LastPass master passwords may have been compromised

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Gandalf_The_Grey

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LastPass members have reported multiple attempted logins using correct master passwords from various locations, indicating a possible data breach at the company.

Multiple users in a Hacker News forum have shared that their master passwords for LastPass appear to be compromised. It is unknown how the passwords have leaked out, but a pattern has emerged amongst users.
The majority of reports appear to come from users with outdated LastPass accounts, meaning they haven't used the service in some time and haven't changed the password. This indicates the master password list being used may have come from an earlier hack.

Some users claim that changing their password hasn't helped, with one user claiming that they saw new login attempts from various locations with each password change. It is unclear how severe the password leak may be, or if LastPass is currently under attack.

There has been no official statement from LastPass as of yet. AppleInsider has reached out to the company for clarification.
AppleInsider recommends that users change their passwords, enable two-factor authentication, and keep an eye out for suspicious login attempts. There is also the option of removing passwords from the service and migrating to 1Password or Apple's iCloud Keychain.

LastPass is a free password manager available across desktop and mobile devices. There have been security concerns about the Android version of the app and its use of trackers.
 

Gandalf_The_Grey

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Latest update of the source article:
We can confirm that there is some kind of organized effort to break into LassPass vaults. Since publication, we've had confirmation from readers and colleagues all over the globe about login attempts.
 

Gandalf_The_Grey

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Latest update of the source article is a statement from LastPass:
LastPass has responded to AppleInsider's request for more information.

"LastPass investigated recent reports of blocked login attempts and we believe the activity is related to attempted 'credential stuffing' activity, in which a malicious or bad actor attempts to access user accounts (in this case, LastPass) using email addresses and passwords obtained from third-party breaches related to other unaffiliated services," LastPass spokesperson Meghan Larson told us. "It's important to note that, at this time, we do not have any indication that accounts were successfully accessed or that the LastPass service was otherwise compromised by an unauthorized party. We regularly monitor for this type of activity and will continue to take steps designed to ensure that LastPass, its users, and their data remain protected and secure."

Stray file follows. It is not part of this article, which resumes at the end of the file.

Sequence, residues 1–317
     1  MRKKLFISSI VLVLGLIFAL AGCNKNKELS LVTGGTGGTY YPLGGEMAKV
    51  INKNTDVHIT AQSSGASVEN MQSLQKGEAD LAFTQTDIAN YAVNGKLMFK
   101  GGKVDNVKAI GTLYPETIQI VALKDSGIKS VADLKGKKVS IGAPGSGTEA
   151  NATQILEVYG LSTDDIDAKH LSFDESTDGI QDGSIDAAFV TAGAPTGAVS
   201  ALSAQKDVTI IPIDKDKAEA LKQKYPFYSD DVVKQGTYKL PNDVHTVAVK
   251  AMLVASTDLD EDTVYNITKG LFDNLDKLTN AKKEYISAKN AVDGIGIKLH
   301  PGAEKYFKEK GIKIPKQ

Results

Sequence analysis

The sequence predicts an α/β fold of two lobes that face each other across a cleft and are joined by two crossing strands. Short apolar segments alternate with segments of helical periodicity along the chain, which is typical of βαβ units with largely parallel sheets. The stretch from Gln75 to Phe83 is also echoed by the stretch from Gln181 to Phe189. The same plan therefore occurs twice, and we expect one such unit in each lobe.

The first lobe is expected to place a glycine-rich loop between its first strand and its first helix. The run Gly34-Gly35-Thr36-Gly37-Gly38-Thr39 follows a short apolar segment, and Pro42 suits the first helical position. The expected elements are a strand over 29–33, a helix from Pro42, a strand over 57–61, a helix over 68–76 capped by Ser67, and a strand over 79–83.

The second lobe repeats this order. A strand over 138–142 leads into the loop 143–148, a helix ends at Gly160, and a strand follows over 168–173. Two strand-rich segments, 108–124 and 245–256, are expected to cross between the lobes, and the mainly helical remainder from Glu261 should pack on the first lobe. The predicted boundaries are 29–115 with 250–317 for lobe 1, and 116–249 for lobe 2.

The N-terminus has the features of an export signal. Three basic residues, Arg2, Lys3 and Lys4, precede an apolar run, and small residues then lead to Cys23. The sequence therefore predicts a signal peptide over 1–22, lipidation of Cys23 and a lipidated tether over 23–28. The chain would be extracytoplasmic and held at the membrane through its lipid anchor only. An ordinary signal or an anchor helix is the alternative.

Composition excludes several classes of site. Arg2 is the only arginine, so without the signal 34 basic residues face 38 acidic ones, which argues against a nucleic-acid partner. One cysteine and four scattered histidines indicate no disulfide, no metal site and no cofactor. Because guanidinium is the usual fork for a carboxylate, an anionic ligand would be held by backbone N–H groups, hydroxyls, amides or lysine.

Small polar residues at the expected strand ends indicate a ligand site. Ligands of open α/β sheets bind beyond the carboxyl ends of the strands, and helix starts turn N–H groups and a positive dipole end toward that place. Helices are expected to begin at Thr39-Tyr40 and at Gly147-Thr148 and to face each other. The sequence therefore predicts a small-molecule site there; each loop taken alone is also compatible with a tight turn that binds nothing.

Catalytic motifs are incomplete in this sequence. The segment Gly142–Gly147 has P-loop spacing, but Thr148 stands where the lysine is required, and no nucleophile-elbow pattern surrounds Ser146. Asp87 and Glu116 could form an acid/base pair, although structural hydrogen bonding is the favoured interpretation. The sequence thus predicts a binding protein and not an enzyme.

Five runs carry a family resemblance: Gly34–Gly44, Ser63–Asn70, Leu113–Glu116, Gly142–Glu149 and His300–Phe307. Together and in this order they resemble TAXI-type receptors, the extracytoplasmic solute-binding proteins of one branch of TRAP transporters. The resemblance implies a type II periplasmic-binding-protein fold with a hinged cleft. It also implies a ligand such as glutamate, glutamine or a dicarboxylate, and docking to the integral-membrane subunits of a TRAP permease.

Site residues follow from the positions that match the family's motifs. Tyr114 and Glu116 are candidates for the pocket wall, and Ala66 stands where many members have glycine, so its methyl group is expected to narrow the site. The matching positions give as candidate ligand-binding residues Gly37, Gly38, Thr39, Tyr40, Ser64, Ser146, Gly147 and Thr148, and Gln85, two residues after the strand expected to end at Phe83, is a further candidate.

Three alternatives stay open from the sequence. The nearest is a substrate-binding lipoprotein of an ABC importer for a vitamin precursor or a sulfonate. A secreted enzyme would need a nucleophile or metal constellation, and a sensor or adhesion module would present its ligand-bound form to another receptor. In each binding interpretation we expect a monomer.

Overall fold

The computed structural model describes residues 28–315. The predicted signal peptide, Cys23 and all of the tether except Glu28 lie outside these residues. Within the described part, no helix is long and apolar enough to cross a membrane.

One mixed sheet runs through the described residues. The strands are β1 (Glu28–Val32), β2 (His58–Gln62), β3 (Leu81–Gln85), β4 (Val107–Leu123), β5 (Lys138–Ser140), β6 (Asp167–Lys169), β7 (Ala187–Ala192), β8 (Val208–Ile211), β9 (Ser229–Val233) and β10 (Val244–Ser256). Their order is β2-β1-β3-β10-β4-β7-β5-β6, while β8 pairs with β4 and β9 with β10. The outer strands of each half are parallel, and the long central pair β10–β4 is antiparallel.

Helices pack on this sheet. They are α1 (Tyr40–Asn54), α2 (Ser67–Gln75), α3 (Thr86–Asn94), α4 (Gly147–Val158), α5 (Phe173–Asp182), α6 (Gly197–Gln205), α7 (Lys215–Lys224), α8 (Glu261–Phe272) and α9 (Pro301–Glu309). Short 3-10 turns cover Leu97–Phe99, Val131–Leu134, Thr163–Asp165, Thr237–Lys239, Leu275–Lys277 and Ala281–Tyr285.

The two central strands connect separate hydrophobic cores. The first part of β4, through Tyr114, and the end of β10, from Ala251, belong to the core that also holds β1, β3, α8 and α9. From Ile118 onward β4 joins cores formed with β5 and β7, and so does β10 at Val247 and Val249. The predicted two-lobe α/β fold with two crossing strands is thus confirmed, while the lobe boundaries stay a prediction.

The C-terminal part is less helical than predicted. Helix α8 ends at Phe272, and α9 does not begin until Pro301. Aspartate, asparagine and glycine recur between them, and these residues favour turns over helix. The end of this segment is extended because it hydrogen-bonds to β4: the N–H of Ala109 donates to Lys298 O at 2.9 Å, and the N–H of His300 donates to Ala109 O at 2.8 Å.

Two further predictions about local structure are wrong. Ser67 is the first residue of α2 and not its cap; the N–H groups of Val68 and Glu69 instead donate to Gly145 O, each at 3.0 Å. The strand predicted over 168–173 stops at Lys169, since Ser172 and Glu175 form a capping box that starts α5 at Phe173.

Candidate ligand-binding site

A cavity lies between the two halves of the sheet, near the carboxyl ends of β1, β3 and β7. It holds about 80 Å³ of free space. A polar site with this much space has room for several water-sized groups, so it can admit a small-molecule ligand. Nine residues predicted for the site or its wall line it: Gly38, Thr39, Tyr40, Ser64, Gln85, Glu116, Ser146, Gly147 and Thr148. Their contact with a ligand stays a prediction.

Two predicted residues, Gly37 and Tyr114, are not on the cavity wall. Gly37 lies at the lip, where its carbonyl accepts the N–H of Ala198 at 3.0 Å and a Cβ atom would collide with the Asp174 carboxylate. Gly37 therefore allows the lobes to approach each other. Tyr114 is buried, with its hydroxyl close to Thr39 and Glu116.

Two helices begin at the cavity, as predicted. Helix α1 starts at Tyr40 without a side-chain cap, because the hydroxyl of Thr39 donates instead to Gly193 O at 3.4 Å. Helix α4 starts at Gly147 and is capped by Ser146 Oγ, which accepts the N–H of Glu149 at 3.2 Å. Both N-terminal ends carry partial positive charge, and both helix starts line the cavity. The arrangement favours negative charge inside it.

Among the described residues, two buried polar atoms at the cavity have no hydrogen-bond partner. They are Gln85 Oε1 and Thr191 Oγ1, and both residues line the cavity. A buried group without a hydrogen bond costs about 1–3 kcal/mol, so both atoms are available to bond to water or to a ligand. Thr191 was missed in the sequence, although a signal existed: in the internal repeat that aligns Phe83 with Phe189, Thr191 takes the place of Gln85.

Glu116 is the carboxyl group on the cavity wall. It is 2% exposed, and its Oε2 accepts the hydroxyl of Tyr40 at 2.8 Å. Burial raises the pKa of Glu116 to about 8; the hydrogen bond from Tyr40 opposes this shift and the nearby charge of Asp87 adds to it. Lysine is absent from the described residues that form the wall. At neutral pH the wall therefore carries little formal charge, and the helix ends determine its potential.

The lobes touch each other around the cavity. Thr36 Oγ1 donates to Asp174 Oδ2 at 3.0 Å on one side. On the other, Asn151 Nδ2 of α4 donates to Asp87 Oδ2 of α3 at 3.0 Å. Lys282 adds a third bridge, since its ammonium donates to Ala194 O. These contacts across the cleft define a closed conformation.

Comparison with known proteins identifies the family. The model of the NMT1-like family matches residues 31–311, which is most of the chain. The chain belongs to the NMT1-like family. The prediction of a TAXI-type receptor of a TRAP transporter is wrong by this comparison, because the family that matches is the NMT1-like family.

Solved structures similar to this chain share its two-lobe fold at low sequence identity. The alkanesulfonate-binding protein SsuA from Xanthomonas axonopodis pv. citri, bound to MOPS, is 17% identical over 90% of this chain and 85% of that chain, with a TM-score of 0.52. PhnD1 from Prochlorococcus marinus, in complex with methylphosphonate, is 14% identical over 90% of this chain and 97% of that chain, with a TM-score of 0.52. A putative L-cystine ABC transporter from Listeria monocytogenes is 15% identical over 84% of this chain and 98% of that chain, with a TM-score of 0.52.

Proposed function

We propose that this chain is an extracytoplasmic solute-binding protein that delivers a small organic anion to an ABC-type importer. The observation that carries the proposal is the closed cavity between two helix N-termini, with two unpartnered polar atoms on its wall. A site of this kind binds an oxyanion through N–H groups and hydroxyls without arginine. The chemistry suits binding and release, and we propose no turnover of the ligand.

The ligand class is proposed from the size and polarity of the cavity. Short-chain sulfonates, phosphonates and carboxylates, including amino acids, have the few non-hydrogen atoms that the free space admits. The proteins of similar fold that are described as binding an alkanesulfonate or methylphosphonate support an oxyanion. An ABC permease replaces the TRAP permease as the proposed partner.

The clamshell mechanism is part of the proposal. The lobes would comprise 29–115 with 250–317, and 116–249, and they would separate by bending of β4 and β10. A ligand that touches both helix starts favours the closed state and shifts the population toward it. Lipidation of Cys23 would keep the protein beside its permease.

JasonUK

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Lastpass response also appears at:

It's also worth noting that LastPass cannot leak Master Passwords as, in their own words from their website;

"Local-only encryption.
Your data is encrypted and decrypted at the device level. Data stored in your vault is kept secret, even from LastPass. Your master password, and the keys used to encrypt and decrypt data, are never sent to LastPass’ servers, and are never accessible by LastPass."
 
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Gandalf_The_Grey

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Bleeping Computer article states as a reaction on LastPass statement:
However, users receiving these warnings have stated that their passwords are unique to LastPass and not used elsewhere. BleepingComputer has asked LastPass about these concerns but has not received a reply as of yet.

Some customers have also reported changing their master passwords since they received the login warning, only to receive another alert after the password was changed.

Someone tried my @LastPass master password earlier yesterday and then someone just tried it again a few hours ago after I changed it. What the hell is going on?
— Valcrist (@Valcristerra) December 28, 2021